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Lady A (formerly Lady Antebellum) files lawsuit against singer Lady A over band name

(L-R) Lady A, the band (formerly known as Lady Antebellum): Dave Haywood, Hillary Scott and Charles Kelley, and Lady A (R), the singer, born Anita White.
(L-R) Lady A, the band (formerly known as Lady Antebellum): Dave Haywood, Hillary Scott and Charles Kelley, and Lady A (R), the singer, born Anita White. CP Images Archive

Less than a month after changing its name to Lady A, the country trio formerly known as Lady Antebellum has filed a lawsuit against blues singer Anita White, who has been using the same moniker for more than two decades.

The Grammy Award-winning band’s legal filing was submitted to the Nashville U.S. District Court on Wednesday after White’s legal team gave them “a draft settlement agreement that included an exorbitant monetary demand” — even though the two parties had already had “heartfelt discussions” about a “peaceful” and “continued coexistence” as Lady A — as seen in a court filing provided to Global News by a representative of the band.

While the group is not suing White, 61, for monetary compensation, or even asking her to change her stage name, they are seeking a ruling that their use of the trademark “Lady A” — which they claim to “have held for many years” — does not infringe on any trademark rights White may have for the same name.

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“(White) and her team have demanded a $10 million payment, so reluctantly we have come to the conclusion that we need to ask a court to affirm our right to continue to use the name Lady A, a trademark we have held for many years,” the band wrote in an accompanying statement.

(L-R) Hillary Scott, Dave Haywood, and Charles Kelley of Lady Antebellum perform onstage during the CMA Festival on June 12, 2015 in Nashville, Tenn.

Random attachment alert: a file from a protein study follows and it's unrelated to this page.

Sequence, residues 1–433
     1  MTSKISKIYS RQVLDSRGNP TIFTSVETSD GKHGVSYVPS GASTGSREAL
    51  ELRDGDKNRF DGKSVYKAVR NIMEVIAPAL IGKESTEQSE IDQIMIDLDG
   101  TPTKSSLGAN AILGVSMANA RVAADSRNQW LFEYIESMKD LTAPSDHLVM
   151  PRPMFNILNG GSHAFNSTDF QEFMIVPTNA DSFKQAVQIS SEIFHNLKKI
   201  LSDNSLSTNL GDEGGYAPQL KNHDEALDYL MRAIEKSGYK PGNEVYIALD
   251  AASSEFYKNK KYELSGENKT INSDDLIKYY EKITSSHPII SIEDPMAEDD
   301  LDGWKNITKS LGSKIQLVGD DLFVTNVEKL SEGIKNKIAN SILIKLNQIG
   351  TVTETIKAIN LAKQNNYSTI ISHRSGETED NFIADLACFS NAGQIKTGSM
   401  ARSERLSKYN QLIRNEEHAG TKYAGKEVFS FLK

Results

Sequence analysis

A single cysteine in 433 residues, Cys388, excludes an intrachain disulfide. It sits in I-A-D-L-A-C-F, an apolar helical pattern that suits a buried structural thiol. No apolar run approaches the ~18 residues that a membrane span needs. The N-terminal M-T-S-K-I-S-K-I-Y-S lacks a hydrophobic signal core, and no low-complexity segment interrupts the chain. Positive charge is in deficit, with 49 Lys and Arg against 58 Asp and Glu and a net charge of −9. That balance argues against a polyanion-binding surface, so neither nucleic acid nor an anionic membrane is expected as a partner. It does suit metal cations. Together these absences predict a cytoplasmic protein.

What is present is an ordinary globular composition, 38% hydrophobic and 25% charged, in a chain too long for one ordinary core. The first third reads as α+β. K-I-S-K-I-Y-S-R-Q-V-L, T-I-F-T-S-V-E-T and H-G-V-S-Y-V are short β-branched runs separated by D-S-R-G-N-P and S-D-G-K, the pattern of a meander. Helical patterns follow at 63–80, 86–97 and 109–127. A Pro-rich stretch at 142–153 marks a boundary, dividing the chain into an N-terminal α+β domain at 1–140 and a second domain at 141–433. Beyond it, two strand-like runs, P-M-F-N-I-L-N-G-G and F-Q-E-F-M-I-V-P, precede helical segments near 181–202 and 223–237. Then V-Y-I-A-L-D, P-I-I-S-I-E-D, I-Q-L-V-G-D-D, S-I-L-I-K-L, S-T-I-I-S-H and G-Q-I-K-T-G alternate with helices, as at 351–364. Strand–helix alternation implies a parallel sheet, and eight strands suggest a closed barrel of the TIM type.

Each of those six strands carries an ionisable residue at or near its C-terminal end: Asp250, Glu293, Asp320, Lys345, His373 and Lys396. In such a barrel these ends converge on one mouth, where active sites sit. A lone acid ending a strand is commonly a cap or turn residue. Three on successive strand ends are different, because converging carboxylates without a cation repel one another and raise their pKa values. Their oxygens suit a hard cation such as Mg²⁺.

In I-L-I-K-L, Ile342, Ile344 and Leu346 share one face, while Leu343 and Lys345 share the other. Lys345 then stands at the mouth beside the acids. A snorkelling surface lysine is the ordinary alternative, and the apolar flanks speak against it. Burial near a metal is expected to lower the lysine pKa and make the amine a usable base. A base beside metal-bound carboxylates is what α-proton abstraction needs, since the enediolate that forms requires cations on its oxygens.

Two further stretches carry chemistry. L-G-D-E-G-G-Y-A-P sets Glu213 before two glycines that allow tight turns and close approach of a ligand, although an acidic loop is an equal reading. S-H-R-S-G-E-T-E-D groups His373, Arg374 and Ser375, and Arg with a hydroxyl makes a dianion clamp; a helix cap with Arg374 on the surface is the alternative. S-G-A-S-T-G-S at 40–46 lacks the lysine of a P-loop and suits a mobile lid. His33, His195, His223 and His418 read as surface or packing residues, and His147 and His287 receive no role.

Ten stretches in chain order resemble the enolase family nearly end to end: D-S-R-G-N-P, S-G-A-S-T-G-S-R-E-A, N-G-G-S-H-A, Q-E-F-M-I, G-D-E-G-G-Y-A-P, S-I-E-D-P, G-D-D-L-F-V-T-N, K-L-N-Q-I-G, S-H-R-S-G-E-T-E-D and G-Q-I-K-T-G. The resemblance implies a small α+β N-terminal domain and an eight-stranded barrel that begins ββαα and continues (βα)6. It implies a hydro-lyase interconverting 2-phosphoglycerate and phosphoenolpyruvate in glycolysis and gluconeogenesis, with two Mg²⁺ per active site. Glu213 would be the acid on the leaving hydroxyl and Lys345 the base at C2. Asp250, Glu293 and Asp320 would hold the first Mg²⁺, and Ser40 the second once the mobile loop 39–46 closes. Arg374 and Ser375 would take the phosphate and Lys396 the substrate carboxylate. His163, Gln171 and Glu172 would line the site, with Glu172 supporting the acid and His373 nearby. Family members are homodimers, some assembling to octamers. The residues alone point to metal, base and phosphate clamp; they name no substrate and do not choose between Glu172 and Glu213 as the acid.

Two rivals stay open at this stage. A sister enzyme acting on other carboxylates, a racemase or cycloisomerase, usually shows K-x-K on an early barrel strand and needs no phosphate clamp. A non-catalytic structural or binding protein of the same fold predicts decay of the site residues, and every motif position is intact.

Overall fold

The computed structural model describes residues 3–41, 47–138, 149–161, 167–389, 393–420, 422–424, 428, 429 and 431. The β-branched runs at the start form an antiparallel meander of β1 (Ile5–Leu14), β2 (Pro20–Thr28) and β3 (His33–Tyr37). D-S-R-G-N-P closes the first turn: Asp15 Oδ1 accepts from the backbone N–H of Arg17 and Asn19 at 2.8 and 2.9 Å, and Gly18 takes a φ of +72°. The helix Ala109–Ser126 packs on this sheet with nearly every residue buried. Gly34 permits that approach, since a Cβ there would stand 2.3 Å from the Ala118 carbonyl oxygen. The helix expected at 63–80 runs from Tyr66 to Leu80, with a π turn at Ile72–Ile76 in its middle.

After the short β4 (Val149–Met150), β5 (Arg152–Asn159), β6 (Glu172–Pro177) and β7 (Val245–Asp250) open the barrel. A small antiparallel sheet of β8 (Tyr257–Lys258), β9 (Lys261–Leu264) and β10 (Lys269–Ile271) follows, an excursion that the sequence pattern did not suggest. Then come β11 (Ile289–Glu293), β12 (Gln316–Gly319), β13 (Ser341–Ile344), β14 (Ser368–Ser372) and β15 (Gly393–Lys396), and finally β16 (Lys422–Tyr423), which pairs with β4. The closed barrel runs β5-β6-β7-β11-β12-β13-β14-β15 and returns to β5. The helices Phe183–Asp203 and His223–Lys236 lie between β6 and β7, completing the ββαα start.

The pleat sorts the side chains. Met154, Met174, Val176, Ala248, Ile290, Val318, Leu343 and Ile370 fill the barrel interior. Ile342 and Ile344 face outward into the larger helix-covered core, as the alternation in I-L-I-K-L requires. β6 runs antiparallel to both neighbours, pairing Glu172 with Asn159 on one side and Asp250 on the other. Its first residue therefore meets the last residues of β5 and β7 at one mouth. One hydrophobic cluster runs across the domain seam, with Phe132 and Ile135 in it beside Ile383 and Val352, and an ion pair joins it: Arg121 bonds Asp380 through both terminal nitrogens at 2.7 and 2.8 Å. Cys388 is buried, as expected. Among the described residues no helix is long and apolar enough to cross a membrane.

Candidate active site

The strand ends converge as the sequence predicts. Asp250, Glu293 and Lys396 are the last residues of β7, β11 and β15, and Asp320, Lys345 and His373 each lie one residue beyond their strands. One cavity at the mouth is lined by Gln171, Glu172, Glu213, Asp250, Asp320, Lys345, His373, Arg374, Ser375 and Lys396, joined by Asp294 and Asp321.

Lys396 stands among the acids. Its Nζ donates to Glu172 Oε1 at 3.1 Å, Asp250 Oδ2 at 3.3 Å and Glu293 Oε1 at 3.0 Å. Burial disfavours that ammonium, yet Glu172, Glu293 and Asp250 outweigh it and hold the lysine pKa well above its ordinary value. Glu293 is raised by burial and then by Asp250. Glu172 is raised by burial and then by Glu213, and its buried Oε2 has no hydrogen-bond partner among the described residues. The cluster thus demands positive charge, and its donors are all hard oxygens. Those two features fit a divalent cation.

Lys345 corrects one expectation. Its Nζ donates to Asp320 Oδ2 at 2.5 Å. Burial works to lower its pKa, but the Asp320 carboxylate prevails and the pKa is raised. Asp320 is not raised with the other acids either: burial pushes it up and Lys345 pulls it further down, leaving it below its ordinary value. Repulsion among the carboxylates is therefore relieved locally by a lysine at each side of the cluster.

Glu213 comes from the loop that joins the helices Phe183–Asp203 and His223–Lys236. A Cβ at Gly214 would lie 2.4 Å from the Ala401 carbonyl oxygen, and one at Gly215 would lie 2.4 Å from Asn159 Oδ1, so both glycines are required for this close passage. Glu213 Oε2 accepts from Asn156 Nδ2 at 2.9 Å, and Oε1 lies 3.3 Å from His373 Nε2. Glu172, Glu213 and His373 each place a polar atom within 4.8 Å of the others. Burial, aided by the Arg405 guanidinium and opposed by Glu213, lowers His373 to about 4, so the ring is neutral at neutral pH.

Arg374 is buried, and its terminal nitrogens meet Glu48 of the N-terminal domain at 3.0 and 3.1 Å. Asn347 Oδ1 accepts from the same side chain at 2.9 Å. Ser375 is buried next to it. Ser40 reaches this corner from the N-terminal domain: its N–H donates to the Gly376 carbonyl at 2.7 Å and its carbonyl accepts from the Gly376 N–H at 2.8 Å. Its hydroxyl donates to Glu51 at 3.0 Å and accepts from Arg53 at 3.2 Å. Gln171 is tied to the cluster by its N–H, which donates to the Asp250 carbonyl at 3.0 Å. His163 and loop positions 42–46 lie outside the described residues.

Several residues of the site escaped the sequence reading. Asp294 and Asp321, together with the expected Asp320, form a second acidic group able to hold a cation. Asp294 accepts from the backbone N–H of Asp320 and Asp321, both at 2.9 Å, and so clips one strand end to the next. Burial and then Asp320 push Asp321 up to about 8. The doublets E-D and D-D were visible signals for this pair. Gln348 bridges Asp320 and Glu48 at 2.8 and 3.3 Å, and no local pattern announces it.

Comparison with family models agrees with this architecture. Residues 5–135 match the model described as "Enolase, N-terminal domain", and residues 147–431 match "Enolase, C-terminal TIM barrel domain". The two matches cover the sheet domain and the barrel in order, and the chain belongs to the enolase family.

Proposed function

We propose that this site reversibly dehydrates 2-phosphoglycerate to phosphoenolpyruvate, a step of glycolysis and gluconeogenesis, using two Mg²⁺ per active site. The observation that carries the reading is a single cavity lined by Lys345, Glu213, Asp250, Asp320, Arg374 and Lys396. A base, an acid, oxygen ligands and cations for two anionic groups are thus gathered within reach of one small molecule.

(L-R) Hillary Scott, Dave Haywood, and Charles Kelley of Lady Antebellum perform onstage during the CMA Festival on June 12, 2015 in Nashville, Tenn. John Shearer / Getty Images

The band — which consists of members Hillary Scott, Dave Haywood and Charles Kelley — reportedly applied for trademarks to the name “Lady A” back in 2010, specifically for entertainment services and for use on clothing back. “No oppositions were filed by any person or entity,” according to the Associated Press.

“When we learned that Ms. White had also been performing under the name Lady A, we had heartfelt discussions with her about how we can all come together and make something special and beautiful out of this moment,” the group said in their latest statement. “We never even entertained the idea that she shouldn’t also be able to use the name Lady A, and never will — today’s action doesn’t change that.”

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The Need You Now rockers officially dropped the word “Antebellum” from their name on June 11 after being “awakened” to the unfortunate historical “associations” with the word in wake of the Black Lives Matter protests triggered by the killing of George Floyd.